After the financial industry’s crash in 2008, taxpayers footed a bill for hundreds of billions of dollars for bank bailouts. In the wake of the crash, the U.S. government failed to prosecute any of the top bankers responsible for it. And, last December, the G.O.P. passed a tax cut that showered more wealth on bankers than any other sector. In so many ways, the sector responsible for a global economic meltdown has been rewarded, not punished, for their misconduct.
Apparently, this lack of consequences isn’t good enough for the U.S. Chamber of Commerce. After the U.S. House of Representatives passed S. 2155, dubbed the “Bank Lobbyist Act” by Sen. Elizabeth Warren, on May 22, the Chamber released a statement applauding the passage of the banking deregulatory bill (which was subsequently signed into law by the president). The Chamber pushed hard for this bill: it issued key letters to both the Senate and House, and hosted an event earlier in the year with acting CFPB director Mick Mulvaney and Small Business Administrator Linda McMahon calling for “bank relief.” S. 2155, which reduces oversight over many banks and rolls back a number of the consumer protections enacted in the Dodd-Frank Act’s reforms, is just the sort of giveaway to Wall Street that the Chamber has consistently advocated for.
As is the Chamber’s M.O., advocating for this bill was couched in the language of “restoring small business lending” and abolishing “one-size-fits-all regulations” that were supposedly hampering small community banks. The problem is that that’s not an accurate reflection of the country’s economic landscape prior to the bill’s passage, nor is it a good description of what the bill actually does.
The reality is that the “Bank Lobbyist Act” reduces oversight on 25 of the 38 biggest banks. It strips away many critical consumer protections, including provisions to prevent racial discrimination in lending. It removes many of the guidelines keeping banks from engaging in the same sort of risky gambling activity that led to the crash just ten years ago. And, of course, when banks gamble with their deposits, those are funds that are not being used for the loans people need to buy a home or start a business. Allowing this sort of risky banking practices is setting up American taxpayers to potentially be on the hook for another bailout on their dime should the financial sector crash again.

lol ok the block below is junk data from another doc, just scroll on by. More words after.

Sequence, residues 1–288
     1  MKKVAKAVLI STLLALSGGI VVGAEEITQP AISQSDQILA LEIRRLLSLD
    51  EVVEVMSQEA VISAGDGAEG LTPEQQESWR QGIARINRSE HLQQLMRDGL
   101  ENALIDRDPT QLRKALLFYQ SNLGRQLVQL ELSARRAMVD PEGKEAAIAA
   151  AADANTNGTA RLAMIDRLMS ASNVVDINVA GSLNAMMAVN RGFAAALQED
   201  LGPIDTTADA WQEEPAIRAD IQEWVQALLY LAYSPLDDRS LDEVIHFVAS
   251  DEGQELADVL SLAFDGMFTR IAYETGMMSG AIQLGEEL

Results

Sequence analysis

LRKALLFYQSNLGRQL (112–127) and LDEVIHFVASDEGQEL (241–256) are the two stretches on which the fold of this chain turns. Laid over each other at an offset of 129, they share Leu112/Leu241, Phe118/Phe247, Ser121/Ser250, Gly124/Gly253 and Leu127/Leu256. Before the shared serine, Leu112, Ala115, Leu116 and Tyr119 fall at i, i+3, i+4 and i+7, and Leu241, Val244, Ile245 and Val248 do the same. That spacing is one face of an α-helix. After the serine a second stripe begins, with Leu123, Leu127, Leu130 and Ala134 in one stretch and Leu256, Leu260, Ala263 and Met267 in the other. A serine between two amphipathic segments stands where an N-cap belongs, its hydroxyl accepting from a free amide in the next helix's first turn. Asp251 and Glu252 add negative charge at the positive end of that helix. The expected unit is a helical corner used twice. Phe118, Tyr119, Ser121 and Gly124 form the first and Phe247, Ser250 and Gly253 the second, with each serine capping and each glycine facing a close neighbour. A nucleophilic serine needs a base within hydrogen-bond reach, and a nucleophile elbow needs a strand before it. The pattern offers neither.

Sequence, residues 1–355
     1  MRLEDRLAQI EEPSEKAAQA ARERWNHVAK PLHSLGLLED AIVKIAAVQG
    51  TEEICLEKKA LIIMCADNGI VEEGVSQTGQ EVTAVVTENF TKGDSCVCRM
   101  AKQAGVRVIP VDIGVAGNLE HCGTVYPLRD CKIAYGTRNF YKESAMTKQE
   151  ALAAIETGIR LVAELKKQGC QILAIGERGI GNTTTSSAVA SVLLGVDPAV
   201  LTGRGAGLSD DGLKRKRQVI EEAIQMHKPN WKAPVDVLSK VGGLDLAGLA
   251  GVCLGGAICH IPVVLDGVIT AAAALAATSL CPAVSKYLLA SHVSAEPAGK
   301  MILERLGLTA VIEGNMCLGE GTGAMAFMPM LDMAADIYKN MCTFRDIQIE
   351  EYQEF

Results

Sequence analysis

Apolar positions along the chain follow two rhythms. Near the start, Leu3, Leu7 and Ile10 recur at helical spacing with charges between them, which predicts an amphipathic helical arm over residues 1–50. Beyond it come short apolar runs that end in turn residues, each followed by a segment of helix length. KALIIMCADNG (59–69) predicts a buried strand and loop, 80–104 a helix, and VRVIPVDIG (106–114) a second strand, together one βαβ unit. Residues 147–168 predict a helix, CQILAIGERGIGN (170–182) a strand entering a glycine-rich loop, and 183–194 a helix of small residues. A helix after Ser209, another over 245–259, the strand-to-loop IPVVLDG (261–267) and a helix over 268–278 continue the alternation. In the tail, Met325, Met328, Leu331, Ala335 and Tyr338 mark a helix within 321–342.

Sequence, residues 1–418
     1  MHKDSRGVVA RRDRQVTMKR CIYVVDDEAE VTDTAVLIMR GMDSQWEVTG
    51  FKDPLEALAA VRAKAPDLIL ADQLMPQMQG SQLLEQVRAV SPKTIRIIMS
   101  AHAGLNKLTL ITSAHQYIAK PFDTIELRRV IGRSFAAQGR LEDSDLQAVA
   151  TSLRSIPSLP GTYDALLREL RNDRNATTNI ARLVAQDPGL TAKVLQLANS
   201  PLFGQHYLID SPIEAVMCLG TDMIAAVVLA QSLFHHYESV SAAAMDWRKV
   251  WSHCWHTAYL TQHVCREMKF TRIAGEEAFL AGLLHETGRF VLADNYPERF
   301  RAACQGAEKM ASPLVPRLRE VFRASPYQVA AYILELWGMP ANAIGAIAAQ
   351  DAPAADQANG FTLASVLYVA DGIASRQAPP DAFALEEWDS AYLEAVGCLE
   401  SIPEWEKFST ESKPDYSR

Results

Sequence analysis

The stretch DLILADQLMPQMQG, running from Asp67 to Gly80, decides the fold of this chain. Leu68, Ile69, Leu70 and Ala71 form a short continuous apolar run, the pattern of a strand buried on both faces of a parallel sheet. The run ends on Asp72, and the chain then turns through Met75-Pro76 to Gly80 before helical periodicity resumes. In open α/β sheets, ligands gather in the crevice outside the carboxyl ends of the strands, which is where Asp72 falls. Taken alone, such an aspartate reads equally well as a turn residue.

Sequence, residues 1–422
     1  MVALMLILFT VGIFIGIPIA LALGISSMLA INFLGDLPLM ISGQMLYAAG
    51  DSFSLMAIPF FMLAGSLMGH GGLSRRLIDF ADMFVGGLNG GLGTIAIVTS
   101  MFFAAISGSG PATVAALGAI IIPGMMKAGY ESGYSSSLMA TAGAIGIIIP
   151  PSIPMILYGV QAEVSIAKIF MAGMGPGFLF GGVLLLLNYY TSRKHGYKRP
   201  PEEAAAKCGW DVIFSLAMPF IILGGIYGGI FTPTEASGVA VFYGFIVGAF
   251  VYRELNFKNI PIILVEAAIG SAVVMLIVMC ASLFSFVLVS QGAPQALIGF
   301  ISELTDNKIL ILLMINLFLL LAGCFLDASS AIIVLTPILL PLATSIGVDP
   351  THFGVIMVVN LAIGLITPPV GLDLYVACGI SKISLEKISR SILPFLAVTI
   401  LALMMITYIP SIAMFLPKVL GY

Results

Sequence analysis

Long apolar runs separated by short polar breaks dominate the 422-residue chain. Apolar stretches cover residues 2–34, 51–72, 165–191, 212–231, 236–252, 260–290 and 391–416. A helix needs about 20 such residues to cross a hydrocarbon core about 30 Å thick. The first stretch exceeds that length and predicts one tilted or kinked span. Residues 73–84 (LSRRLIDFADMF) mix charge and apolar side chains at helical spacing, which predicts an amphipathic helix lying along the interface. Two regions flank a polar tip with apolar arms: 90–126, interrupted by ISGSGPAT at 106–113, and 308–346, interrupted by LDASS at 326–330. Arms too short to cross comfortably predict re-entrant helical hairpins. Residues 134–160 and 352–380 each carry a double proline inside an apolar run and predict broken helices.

As for those supposedly hamstrung banks the Chamber is supposedly selflessly looking out for? They were already doing just fine before the bill passed. The industry reaped a record $56 billion in net income in the first quarter of 2018. Even the small banks, whose financial wellness the Chamber prioritizes in its PR materials, were hardly suffering; loan balances at community banks rose significantly more in 2017 than across all banks. And the Chamber claims that small business owners have been hobbled by a lack of availability of credit in recent years, but according to the Federal Reserve’s September 2017 report, credit availability for small businesses has greatly improved in recent years and reached a stable point. It seems community banks and small businesses are just a smokescreen to make this Wall Street giveaway, the true goal of the bill, more palatable.
After the 2008 crisis, bankers did just fine. It’s the American people who suffered, losing countless jobs, savings, and homes. For the U.S. Chamber, it looks like risking a repeat of the Great Recession is worth it for the sake of Wall Street lining its pockets.
Photo credit: Flickr user freshwater 2006 (Trump Tower)
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